Category Archives: GIS

Rikert Ski Touring

I believe one of the greatest secrets at Middlebury College is the Rikert Ski Touring Center, located at Breadloaf Campus up in Ripton. Home to the Middlebury Nordic teams, as well as my daughter’s Middlebury High School team, this gem of a ski area has very well groomed trails, wonderful staff, and, this year, plenty of snow.

This coming weekend is the Bill Koch Ski Festival, so in honor of the weekend I’ve made something for the kids to play with, if yours are anything like mine. I’ve converted some Arc GIS files to a Google Earth File, so now you can fly around Rikert in Google Earth and see where you went skiing for the day. Chester Harvey in the Geography department has made a new trail map for Rikert based on this shapefile, and I’ve taken the trail names both off of that new map, as well as the older traditional map.  So the Google Earth file is still a rough draft, and some of the trail names may be a little off, but it’s still fun.

Right click here, and choose Save As, then don’t forget where that is. Clicking on that file should open it in the right program. Naturally, you will need Google Earth installed on your computer. I’ve been having bad blog luck, and just clicking on the file itself will probably lead to a page of gobbledigook.

A New Tree Map

Admittedly, the campus tree map posted on this site can be a little overwhelming, and almost too large to be useful. Google Earth is a wonderful program, but not everyone had access to it. Ben Meader, a digital media tutor from this past summer, toured the campus with me one day, and we picked the 99 must see trees on campus. This represents one of nearly every variety of tree on campus. He then took pictures, and put them all into a Google Maps file, viewable from any web browser, no Google Earth required. The link is also available on the campus tree map page. Enjoy!

Teaching with Technology Fair

It’s Commencement (literally, it’s about 9:30 Sunday morning, we’ve been at it since 5 Am, but now us landscapers are hiding around campus working where you can’t see us), hence the lack of any posts the last week or so. I’ve got a lot to write, but being a landscaper in spring has it’s disadvantages, time management being a one of them.  I just wanted to mention I’ll be at the Teaching with Technology Fair on Wednesday, in the Great Hall at Bicentennial Hall from 10-12, showing off the Campus Tree Map. If you’re curious as to the ArcGIS underpinnings of the map, or just want to drop by to talk plants, come on over.

Mapping in WordPress – GeoPress and GeoMashup

Robyn Tendai-Whyte and I just ran GeoPress and GeoMashup through the paces today. Both performed beautifully after a bit of massaging (and reading the directions!) Here are a few tips that we found helpful for anyone at Middlebury who would like to geo-locate their blog.

GeoPress

This plugin will allow you to take any post and add a Google map with a stick pin location. This is a nice feature for bloggers who are traveling, or who would like to give geographic location to a historical reference.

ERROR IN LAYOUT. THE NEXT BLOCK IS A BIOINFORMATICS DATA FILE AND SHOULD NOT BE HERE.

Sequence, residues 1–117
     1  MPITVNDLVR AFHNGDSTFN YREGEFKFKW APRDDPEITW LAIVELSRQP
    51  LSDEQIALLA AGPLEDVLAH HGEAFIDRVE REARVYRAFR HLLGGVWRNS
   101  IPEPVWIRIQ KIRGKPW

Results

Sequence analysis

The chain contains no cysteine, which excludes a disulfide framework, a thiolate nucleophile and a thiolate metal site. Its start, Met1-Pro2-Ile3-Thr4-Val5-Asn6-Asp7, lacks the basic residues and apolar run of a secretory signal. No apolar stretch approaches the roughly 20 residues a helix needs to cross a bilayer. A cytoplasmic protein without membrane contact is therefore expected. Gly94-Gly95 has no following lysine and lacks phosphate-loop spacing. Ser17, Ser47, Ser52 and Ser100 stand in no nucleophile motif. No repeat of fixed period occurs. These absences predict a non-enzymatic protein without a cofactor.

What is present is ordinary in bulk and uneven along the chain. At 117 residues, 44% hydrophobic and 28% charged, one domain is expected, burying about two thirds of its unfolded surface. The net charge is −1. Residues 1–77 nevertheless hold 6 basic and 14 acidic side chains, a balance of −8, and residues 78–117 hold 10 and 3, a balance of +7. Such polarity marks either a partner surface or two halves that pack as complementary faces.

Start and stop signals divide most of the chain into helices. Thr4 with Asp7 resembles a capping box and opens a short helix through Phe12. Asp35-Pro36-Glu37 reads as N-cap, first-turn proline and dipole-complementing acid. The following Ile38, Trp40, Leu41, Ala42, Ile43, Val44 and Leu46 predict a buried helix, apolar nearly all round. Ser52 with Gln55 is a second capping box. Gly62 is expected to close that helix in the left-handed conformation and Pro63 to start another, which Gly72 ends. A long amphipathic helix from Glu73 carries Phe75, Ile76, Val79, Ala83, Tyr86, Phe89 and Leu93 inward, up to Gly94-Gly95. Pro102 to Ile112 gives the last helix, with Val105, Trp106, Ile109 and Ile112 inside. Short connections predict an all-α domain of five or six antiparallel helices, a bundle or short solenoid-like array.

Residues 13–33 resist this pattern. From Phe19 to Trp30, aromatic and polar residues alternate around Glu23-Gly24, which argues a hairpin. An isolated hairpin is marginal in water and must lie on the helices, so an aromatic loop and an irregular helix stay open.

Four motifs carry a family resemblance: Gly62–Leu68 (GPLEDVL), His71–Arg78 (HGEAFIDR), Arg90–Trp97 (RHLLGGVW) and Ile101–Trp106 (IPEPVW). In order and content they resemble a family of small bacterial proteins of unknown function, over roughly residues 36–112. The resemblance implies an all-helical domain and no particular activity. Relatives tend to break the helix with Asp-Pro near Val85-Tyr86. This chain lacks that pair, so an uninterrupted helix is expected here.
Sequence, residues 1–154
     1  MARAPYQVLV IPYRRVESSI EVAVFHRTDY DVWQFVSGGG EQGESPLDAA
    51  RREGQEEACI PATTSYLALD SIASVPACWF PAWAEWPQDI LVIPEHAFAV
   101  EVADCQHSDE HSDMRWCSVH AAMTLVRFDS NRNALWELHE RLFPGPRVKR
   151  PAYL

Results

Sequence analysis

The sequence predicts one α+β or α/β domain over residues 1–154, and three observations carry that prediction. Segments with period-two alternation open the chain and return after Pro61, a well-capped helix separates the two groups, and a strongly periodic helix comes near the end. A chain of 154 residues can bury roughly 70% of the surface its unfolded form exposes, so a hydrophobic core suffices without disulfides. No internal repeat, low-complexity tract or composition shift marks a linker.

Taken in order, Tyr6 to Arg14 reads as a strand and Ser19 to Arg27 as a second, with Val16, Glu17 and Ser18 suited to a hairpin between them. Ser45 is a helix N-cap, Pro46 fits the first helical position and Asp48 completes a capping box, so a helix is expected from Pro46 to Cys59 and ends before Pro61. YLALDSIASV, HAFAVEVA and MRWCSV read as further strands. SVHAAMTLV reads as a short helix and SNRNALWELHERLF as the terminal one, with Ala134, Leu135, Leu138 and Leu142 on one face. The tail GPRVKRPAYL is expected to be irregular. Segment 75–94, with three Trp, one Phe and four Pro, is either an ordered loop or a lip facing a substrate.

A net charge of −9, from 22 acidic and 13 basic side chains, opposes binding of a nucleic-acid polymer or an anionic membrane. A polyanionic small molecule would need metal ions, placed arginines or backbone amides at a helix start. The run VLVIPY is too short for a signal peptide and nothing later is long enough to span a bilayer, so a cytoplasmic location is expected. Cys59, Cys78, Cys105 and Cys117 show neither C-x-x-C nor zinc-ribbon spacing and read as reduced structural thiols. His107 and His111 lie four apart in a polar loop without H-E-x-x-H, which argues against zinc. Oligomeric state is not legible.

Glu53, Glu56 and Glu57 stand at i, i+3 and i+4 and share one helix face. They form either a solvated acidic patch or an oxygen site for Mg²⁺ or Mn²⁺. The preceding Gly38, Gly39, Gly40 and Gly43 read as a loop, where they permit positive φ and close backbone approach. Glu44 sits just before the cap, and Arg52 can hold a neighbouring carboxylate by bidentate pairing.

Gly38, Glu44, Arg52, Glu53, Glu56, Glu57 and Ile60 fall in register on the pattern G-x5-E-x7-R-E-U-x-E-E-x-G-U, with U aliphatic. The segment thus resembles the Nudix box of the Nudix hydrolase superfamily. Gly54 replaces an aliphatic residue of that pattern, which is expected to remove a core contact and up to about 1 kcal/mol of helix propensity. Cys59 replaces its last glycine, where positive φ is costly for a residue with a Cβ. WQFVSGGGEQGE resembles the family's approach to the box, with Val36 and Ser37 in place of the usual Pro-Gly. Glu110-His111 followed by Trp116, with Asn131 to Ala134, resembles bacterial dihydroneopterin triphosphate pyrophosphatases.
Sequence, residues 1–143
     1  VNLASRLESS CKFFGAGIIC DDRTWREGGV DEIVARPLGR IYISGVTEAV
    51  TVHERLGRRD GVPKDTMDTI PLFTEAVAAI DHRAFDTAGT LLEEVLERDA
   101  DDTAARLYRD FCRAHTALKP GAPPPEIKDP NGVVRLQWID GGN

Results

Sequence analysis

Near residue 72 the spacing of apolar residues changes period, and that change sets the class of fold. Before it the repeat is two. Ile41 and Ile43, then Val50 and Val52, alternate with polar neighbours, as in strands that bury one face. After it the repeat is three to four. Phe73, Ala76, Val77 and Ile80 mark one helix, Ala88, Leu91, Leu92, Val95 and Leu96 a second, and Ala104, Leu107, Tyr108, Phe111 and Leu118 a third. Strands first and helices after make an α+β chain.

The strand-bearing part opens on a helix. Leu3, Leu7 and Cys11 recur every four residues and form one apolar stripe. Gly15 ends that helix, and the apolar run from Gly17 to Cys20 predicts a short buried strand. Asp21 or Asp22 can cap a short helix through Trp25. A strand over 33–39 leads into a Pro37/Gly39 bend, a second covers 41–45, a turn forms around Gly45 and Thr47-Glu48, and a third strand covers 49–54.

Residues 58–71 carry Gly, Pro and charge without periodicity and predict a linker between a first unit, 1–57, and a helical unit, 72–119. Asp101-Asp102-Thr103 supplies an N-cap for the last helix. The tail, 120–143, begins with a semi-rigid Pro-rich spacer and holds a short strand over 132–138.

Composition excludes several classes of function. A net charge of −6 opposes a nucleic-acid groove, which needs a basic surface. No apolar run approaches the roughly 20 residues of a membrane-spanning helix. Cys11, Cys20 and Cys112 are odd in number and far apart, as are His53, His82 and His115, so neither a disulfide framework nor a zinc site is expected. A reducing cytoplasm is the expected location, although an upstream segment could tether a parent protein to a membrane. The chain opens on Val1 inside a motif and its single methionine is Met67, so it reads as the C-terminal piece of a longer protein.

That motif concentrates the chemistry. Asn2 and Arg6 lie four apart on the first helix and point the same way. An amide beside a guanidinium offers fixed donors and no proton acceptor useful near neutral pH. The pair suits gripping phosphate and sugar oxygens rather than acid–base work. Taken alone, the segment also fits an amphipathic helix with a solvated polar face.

To use this plugin-

  1. Click on the “Plugins” link in the upper right hand corner of your blog’s Dashboard.
  2. Click the “Activate” link to the right of the GeoPress plugin.
  3. Click on the GeoPress tab, just under the name of your blog in the upper-left.
  4. Get a GoogleMaps Key and paste it next to GoogleMaps Key.
  5. Get a Yahoo AppID and paste it next to Yahoo AppID.
  6. Click on the UPDATE OPTIONS button.
  7. When you write a new post, scroll down to LOCATION.
  8. Type in an address and click on the “Geocode” link.
  9. Save and Publish your post.

The map will appear under your post with the location marked.

GeoMashup

GeoMashup works in a different way. It will take all posts that have a location added, and create one map on a single page with a stick pin for every location.

To use this plugin-

  1. Click on the “Plugins” link in the upper right hand corner of your blog’s Dashboard.
  2. Click the “Activate” link to the right of the GeoMashup plugin.
  3. Click on the Settings tab in the upper-right.
  4. Click on the “Geo Mashup” tab.
  5. Get a GoogleMaps Key and paste it next to GoogleMaps Key. If you are using GeoPress, you may use the same Key (NOTE: Your key needs to be registered to your blog site: http://sites.middlebury.edu/[name of my blog])
  6. Choose the page where you would like the map to appear.
  7. Click on the UPDATE OPTIONS button.
  8. In the page you selected, add <!--GeoMashup--> in the content.
  9. When you write a new post, scroll down to LOCATION. If GeoPress is activated, this will be the second map.
  10. Type in an address and hit return. You will see a pin with your location.
  11. Save and Publish your post.

The page you selected will now have one map with every location on it. Each location will be labeled with the name of the post.